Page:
- Kevin Lincoln
Face-off: Kent Jones Unpacks The Bible Of Auteur Interviews
It’s kind of odd to think that the Cohen Media Group picked up Kent Jones’ slickly produced bonus featuresque cinematic rumination on the monumental bible of film interviews, Hitchcock/Truffaut, being that nearly everyone interviewed in the film has had a film or more released by Janus Films’ homevid branch The Criterion Collection (with the only two exceptions being James Gray and Kiyoshi Kurosawa). Even Jones has appeared in Criterion in various capacities, either on screen as interviewee, in print as a critic or behind the scenes on the Film Foundation’s World Cinema Project release. But, regardless who’s releasing this hot little commodity, it’s a guaranteed cinephilic sugar rush.
Martin Scorsese, Wes Anderson, David Fincher, Olivier Assayas, Paul Schrader, Peter Bogdanovich, Paul Schrader, Arnaud Desplechin and Richard Linklater round out the all-star lineup of interviewees who openly »
- Jordan M. Smith
William Becker, who with a partner acquired Janus Films in 1965, expanded its catalog of arthouse and Hollywood classics and broadened the distribution of that catalog to audiences at universities and to movie fans via DVD, died Saturday from complications of kidney failure in Southampton, N.Y. He was 88.
Becker was a theater critic, a culturally oriented financier and close associate of writers and directors whose passion for the art of film motivated him at least as much as a desire to make money.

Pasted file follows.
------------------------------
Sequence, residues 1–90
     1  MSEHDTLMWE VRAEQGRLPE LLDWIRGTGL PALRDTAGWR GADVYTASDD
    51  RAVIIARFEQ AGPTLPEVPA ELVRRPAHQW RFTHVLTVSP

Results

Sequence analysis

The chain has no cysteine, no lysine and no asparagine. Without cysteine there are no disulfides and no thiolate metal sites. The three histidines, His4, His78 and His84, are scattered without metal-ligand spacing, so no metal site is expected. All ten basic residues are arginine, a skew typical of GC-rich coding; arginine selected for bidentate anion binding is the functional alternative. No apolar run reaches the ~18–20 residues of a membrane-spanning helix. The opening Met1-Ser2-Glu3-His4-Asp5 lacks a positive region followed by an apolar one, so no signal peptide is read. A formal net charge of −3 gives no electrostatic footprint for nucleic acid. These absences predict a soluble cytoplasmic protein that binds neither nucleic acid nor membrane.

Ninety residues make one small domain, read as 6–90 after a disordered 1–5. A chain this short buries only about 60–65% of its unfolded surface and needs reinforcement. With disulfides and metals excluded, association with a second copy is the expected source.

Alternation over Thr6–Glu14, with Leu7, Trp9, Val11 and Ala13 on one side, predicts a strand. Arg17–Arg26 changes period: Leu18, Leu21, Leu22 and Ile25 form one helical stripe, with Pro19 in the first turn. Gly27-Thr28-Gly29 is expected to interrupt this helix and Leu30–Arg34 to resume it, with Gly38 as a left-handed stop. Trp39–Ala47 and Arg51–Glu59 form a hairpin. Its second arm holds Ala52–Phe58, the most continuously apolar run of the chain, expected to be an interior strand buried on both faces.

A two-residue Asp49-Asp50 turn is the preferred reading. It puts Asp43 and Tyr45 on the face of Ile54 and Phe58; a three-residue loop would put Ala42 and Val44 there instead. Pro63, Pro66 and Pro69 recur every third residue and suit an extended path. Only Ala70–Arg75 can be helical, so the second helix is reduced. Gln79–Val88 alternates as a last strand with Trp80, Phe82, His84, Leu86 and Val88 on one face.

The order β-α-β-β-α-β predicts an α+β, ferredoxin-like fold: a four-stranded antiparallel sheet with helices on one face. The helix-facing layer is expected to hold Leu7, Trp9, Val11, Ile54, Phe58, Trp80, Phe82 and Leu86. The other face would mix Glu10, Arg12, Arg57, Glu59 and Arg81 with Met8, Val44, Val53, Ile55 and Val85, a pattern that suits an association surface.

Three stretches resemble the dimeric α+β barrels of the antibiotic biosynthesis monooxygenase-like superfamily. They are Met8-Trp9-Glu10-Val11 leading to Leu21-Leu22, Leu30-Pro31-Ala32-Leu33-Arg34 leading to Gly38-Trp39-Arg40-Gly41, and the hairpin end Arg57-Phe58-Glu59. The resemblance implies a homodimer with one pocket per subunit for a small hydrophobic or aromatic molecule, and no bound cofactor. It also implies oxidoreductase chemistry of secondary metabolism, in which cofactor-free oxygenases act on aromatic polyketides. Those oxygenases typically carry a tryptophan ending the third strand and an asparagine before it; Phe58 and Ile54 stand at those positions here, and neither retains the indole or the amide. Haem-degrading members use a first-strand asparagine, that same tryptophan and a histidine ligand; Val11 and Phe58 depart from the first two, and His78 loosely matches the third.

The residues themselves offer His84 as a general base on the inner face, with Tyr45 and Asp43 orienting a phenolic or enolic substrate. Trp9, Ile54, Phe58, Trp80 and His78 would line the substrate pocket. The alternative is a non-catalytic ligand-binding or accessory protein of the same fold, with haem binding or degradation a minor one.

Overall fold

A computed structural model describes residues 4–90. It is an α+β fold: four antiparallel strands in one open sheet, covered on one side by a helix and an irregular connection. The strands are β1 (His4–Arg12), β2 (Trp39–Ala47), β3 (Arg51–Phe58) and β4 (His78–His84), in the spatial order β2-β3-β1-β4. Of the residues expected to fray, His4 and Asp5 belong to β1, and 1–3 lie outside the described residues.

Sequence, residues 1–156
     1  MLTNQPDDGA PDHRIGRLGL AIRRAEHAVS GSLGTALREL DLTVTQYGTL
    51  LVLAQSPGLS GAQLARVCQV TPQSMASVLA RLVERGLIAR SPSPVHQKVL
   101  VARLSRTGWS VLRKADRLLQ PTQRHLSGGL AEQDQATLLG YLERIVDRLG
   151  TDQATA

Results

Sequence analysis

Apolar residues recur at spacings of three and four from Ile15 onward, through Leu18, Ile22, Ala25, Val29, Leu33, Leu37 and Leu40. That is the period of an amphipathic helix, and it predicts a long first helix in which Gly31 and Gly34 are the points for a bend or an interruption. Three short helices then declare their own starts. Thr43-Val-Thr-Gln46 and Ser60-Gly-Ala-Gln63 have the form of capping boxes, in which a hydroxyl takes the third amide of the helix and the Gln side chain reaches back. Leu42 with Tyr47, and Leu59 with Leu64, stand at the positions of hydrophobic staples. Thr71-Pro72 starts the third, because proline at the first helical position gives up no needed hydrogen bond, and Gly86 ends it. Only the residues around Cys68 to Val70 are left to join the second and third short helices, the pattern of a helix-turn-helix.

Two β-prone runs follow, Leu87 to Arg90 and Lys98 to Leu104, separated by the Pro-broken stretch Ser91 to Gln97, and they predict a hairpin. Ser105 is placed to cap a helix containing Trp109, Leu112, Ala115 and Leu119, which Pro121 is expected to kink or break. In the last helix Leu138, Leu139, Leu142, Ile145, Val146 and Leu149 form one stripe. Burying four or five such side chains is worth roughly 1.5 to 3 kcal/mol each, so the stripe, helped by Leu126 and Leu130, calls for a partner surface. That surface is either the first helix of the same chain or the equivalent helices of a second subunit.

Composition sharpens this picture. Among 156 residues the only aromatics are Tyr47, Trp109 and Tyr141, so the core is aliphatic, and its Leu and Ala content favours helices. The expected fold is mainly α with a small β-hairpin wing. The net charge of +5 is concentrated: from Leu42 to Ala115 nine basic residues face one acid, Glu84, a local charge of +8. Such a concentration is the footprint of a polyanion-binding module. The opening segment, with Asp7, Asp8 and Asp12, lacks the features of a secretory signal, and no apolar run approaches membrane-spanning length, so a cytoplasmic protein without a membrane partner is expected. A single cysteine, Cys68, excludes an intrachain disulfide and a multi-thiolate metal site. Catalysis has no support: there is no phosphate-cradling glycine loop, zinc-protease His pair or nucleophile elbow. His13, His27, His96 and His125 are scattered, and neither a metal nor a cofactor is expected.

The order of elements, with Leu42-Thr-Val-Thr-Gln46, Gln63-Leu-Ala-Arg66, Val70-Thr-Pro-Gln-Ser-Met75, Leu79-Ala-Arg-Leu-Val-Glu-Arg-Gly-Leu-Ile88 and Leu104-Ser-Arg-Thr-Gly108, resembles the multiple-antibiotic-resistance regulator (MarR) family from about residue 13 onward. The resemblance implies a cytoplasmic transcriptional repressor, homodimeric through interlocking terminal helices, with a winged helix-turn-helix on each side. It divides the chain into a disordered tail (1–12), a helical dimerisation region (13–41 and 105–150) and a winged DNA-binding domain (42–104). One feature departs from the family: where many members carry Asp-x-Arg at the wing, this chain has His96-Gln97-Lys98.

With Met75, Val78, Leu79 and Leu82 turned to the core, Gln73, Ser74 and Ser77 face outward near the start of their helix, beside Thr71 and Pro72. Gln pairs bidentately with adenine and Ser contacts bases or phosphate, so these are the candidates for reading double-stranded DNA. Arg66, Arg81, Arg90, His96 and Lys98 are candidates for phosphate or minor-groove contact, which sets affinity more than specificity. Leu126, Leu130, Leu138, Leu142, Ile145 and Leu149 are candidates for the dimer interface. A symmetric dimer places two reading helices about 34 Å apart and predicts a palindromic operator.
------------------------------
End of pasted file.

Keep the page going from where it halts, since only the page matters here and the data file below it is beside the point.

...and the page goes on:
Janus, which had been founded in the 1950s by a pair of Harvard alumni, exposed American moviegoers to the then mostly unfamiliar work of groundbreaking directors such as Italians Federico Fellini and Michelangelo Antonioni; Ingmar Bergman; Frenchmen François Truffaut and Robert Bresson; Luis Buñuel; and Japanese masters Akira Kurosawa, Yasujiro Ozu and Kenji Mizoguchi.
After acquiring the company, Becker and his partner Saul J. Turell secured the »
- Variety Staff
This is a capsule review. A full review will be posted closer to release.
Coming soon to college curriculums everywhere, Kent Jones’s new film, Hitchcock/Truffaut, looks to turn the uber-text on Alfred Hitchcock into an equally loving cinematic tribute. Though it starts as a chronicle of Francois Truffaut’s interview series with Hitchcock that became the film text of the same name, Hitchcock/Truffaut is more generally a reverent and insightful look at the techniques, obsessions, and charisma of a man that wowed audiences and inspired imitators for decades.